Review: Following on from two Eps on Livity last year, Forest Drive West drops his debut album. It captures the producer's unique fusion of techno, abstract sounds and jungle, and gets off to a frenetic start with the high-octane, percussive "Cut and Run". At the other end of the Forest Drive West spectrum is "Transmission", a deep, throbbing slice of techno and the mesmerising minimalism of "Circles". Apparitions also sees the UK artist flirt with sound scapes and abstract textures, typified by the dubbed out "Vertigo" and the moody sub-bass tones of "Phaze-Shift". Characterised throughout by Forest Drive West's distinctive sound design, it is one of 2018's finest long players.
Review: Static is Forest Drive West's second release on Livity - he/she also put out an early release on its sub-label - and features the act's most impressive material yet. On "Static", a minimal, steppy rhythm prevails, led by a mysterious synth, flickering percussion and a resonating bass that shifts up and down a few notes. "Escape" is more textured, and resounds to eerie sound scapes and swirling shapes. On this occasion, the beats are tough and dense, the bass plunges with submarine speed and there are even some Sandwell-style bleeps, but even this mysterious-sounding track can't beat the wiry wonder that is "Static".
Review: Mysterious UK producer returns with more grey area perspectives, courtesy of Felix K's label. These three tracks lurk in the grey area: the space between techno and drum and bass. The first version of "Persistence Of Memory" is a textured dub techno experiment, redolent of classic Basic Channel by way of Italian hypnotic techno sensibilities. A raw, brazenly analogue and bass heavy thumper represents the second rendition, much in the vein of Clone Basement Series or Livity Sound: keeping in mind that he appeared on the latter with his previous EP Jinx/Scanners earlier in 2017. Persistence Of Memory 3 shows a side of the producer not seen since his Jungle Crack EP last year. This is a pure techstep: late '90s style and calls to mind the early work of Trace or Ed Rush & Optical where this producer possibly returns to their roots.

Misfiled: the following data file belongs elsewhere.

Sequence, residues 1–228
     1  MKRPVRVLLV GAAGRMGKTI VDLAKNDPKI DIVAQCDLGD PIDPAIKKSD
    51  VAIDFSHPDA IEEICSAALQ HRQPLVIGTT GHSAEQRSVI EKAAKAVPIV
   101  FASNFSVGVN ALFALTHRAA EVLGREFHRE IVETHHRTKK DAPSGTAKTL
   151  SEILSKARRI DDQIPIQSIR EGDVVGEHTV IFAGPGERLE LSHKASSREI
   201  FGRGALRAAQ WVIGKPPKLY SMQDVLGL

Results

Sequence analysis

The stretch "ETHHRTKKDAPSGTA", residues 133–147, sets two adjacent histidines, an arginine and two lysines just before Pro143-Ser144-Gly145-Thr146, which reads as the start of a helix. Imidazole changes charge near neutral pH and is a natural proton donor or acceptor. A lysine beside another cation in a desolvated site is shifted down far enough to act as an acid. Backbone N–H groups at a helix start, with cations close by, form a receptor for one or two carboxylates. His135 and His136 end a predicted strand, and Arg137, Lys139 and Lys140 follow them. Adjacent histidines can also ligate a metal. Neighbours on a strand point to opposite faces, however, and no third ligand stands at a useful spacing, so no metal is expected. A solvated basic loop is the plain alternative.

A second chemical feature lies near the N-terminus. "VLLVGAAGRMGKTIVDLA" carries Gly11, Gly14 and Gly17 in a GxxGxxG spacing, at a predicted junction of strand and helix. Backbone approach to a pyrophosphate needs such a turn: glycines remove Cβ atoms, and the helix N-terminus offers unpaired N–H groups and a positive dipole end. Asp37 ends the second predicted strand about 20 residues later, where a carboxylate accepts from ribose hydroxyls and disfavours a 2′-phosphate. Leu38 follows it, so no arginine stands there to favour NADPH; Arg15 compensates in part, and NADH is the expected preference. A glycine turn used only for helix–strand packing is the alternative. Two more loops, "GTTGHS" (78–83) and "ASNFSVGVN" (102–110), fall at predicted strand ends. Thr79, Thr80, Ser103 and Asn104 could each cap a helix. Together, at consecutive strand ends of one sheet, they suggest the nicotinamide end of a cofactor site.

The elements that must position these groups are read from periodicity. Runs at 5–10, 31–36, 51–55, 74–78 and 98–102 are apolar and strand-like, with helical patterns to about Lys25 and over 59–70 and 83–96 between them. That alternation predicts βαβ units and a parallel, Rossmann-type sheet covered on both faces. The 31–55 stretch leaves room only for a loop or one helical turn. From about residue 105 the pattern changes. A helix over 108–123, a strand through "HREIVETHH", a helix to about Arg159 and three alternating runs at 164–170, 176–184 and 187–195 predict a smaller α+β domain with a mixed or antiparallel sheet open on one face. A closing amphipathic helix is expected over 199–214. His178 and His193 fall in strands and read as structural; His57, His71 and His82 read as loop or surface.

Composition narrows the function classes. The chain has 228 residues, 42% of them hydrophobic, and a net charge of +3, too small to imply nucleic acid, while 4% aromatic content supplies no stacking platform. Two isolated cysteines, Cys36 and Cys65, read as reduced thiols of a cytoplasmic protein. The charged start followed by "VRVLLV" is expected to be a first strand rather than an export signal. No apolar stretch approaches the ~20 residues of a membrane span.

Review: Forest Drive West's dub-artic explorations finds itself in the Scandianavian fjords of Denmark with navigational support from dub techno beacon Echocord. Like a subaqueous blip on a sonar's radar it's "Creation Dub" that sets this record its course into the deepest, sinkiest realms of DT. With more stylistic rhythms introducing themselves into tracks like "Parallel Space" and "Drift", fresh rhythms and coldlier winds still offer slight touches of aurora borealis. Conforce sends in the chords with his remix to "Parallel Space" which go off like flares floating above the depths of a subterrain space they came from.
Review: Forest Drive West has previously appeared on Livity sub-label Dnuos Ytivil, and this EP for the main outlet is just as impressive. "Jinx" resounds to hushed voices and scary animal howls from deep within a haunted forest, while in the background a brittle, dissected rhythm plays away. "Scanners" also draws on abstract sound and textures, with electronic burps and belches summoned up from below ground. However, on this occasion, the groove is straighter and more rolling, and its drum-heavy, percussive approach sounds like a freakish, malignant take on the late 90s West Coast house of labels like Grayhound and Siesta.
Review: Forest Drive West is a new producer who is putting out his debut on Peverelist and Kowton's label. It must be a daunting task to release on Livity Sound, but it's one that the London-based artist rises to in style. Clocking in at over ten minutes, "System" moves from eerie drones and shadowy vocals into a drawn out, voodoo rhythm, with tribal drums gather intensity before crashing in on the arrangement. On the flip, "Show Them" is more direct, with the producer putting the drums to the fore and allowing a bleak synth tapestry to gradually float to the surface. It's a hugely impressive debut release.